Today we will cover basic goal setting, as blog 1.5 was very task heavy we will working more on thinking about goals - feel free to write your ideas down though.
Throughout this post I will be using some generic examples to help understand the method. We will cover multiple topics to help you plan your goals and avoid some common mistakes, we will cover the following:
. What person are you?
. What goals should you choose?
. What type of goals are there?
. How far should I go?
. Common mistakes made in goal setting.
What person are you?
This is the fundamental question, where are you at the moment? It is an easy but also equally delicate question to pose to yourself - if you want to change there must be a reason. If you are struggling please refer to blog 1.2 as the spider diagram you created will help.
You may be in some of the following groups:
. Overweight/fat loss
. Muscle gain
. Weight gain
. Tone Up
. Get shredded
. Get stronger
. Get fitter
. Feel healthier
. Get more flexible
Some of these work together so you may sit in several sections all at once, an example would be Tone. Tone requires fat loss and muscle gain/strength - if you combine both of these that would create a toned effect to your body composition.
Note - Picking too many at the same time will create a conflict of goals, you should focus on the most important goal first and prioritize. Similarly some goals are opposites so you need to understand that they cannot be done at the same time, we will talk about this more in week 2 & 3.
What goals should you choose?
I would strongly recommend only choosing 1-3 goals at a single point, this is due to each goal usually having a lifestyle, nutrition and training element. Therefore by the time you have planned out 3 goals, you will have a total of 9 elements to incorporate into your life - this can be far too much to adhere to and will take from other goals.
#1 Fat loss
#1 Muscle gain
Get fitter (if skinny)
#1 Get stronger
#2 Get fitter
Get fitter (if overweight)
#1 Fat loss
#3 Get fitter
As you can see some goals are linked, we will take an overweight individual as an example - the individual wants to just get skinnier will ignore the fitness element as this will require additional CVT. Focus will be spent on calorie deficit, strength training and flexibility training. Whereas if the goal is to get skinnier and fitter, additional CVT will be incorporated in additional/instead of flexibility training.
What type of goals are there?
Typically I would ask my clients to think of 4 goals upon meeting them, they are the following:
#1 Short Term Goal (0-1 month)
#2 Medium Term Goal (1-3 months)
#3 Long Term Goal (>3 months)
#4 "Blue Sky" Goal (A forever goal)
Short Term Goal
. Shortest goal
. Usually adherence based
. Helps create healthy habits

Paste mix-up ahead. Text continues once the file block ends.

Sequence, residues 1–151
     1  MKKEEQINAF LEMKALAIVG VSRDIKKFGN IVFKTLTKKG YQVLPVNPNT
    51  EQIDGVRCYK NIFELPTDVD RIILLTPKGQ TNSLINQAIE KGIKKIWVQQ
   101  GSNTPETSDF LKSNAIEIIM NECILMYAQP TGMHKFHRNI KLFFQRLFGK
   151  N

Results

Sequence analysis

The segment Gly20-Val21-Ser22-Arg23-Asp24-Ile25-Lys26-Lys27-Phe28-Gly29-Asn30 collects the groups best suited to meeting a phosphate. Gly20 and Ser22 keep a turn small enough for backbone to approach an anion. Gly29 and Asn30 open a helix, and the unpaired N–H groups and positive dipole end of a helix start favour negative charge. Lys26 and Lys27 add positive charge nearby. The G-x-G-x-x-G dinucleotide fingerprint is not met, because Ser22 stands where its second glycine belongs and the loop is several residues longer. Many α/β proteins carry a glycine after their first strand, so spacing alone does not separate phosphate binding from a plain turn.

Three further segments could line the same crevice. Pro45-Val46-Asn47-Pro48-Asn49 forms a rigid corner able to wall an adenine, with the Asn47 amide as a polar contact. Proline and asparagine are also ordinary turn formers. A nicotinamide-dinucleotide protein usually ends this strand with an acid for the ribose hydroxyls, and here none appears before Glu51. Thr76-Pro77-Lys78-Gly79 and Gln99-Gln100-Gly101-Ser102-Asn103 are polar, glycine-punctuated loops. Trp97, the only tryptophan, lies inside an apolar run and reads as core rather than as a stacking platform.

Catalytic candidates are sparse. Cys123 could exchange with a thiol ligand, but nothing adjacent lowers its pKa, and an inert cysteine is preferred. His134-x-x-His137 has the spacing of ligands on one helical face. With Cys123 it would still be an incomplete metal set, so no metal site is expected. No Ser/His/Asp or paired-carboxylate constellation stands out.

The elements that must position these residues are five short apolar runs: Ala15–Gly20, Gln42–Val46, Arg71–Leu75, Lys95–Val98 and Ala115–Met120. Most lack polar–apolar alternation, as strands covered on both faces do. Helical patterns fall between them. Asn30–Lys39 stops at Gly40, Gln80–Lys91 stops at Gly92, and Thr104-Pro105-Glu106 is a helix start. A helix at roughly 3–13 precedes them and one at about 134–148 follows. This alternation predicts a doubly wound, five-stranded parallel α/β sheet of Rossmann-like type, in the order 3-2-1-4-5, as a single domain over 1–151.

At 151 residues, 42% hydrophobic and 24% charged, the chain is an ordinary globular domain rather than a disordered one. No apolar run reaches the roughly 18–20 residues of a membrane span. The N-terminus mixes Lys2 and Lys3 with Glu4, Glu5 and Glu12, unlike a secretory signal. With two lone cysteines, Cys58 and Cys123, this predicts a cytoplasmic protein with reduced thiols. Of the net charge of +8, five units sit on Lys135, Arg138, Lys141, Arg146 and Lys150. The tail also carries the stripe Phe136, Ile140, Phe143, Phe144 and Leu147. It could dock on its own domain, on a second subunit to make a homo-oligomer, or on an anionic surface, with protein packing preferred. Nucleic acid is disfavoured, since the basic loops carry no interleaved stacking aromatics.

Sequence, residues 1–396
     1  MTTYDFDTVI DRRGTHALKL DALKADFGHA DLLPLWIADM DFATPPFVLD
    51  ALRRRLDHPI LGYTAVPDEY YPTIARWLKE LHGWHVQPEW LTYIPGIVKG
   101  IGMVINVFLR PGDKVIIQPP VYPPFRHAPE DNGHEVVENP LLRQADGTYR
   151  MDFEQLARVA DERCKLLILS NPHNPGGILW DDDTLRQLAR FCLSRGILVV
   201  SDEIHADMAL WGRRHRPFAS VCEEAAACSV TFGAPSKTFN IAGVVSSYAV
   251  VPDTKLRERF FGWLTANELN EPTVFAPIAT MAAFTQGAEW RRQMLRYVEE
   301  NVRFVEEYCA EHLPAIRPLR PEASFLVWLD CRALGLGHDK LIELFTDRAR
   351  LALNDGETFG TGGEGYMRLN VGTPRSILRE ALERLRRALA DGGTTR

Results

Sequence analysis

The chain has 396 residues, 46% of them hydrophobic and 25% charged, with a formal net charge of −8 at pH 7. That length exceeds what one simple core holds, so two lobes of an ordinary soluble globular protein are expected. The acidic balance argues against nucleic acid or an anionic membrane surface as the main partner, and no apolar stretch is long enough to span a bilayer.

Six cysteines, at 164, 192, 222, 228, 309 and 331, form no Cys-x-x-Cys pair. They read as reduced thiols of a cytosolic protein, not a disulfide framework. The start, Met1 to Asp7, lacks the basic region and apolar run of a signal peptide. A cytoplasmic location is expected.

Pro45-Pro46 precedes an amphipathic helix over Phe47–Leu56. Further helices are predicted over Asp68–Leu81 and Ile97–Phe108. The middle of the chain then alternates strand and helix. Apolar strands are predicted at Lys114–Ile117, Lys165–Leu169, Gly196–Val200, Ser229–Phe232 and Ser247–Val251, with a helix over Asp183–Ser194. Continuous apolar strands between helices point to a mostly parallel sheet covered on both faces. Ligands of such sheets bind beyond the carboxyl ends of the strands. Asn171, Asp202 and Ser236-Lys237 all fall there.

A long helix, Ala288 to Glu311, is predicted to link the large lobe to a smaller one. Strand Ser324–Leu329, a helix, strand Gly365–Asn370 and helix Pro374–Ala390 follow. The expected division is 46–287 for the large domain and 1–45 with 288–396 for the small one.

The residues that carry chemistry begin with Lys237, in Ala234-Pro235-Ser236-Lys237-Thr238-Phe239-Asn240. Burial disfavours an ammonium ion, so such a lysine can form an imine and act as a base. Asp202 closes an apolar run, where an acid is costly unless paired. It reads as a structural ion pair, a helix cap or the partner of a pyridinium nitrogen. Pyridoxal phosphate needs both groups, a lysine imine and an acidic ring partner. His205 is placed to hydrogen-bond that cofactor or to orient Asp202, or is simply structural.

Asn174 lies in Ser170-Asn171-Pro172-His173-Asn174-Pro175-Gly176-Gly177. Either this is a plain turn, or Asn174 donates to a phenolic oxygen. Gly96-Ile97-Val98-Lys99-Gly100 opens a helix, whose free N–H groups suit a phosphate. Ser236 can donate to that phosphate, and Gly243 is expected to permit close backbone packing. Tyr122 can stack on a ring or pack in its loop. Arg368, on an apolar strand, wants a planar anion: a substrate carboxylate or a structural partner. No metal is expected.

. A quick win to keep motivation up
Medium Term Goal
. Specific target which is manageable
. Usually closer related to #1 goal
. Ideally short term goal should work towards medium term goal
Long Term Goal
. Closer to dream target
. Has to be related to #1 goal
. May change over time but goal should be ambitious & attainable
"Blue Sky" Goal
. Dream outcome from training and changing lifestyle & nutrition
. Often not actually outlined, used as a way to tailor the other 3 goals
. Other 3 goals have to work towards the "Blue Sky" goal
Example - Fat Loss
Short Term Goal - Attend the gym 3 times a week for the 1st month (12 total sessions)
Medium Term Goal - Reduce waist line by 4cm by the end of 3rd month
Long Term Goal - Fit into wedding address again by next anniversary
"Blue Sky" Goal - Feel confident to take bikini pictures on social media
How far should I go?
As personal trainers, we push our clients to their current limits to maximize results however there are limitations and considerations to goal setting:
. It has to be achievable! Many self-created goals are too much which will have a negative impact on your self-esteem if you do not achieve them.
. They have to be measurable
. Know when to stop - unfortunately success can be a negative thing. You may succeed in your original goal and keep pushing your limits, this includes eating disorders, injury and other medical ailments.
There are a few tips towards the end that will help you understand how far you should plan.
. Making the goals too difficult
. Not understanding the goals
. Not understanding how some goals impact others
. Not writing down a finish date
. Not measuring the goal often enough
. Not referring to the goal continuously
. Not updating the goal - you may change your mind. If you do, update the goal
. Pushing yourself too far to achieve a goal
. Listening to your body and others around you
. Bodyweight is not an accurate measurement for fat loss - it fluctuates too much.
Solution - Try using circumference around body instead.
. Bio-impedence fat loss testing (Weighing scales and handheld fat loss machines) are not very accurate. The most accurate and cost effective method is body calipers which takes some learning.
Solution - Take body circumference and progress pictures
. When you want to lose fat and build muscle (tone) - try not to measure body circumference as muscles grow at a much slower rate than fat loss it will look like you are losing size.
Solution - Take progress pictures
. Fat loss happens much quicker than muscle gain
. A rough guide for fat loss is around 0.5kg/week but this depends on how heavy you currently are
. Increases in strength happen slowly so plan accordingly.
. Work out where you are at the moment using blog 1.2 to help
. Work out a maximum of 3 goals that you want to do
. Try a brief short, medium, long and "Blue Sky" goal setting
. Plan has to be achievable
. Refer to this week's tips and read more in week 2 & 3.
Be your best!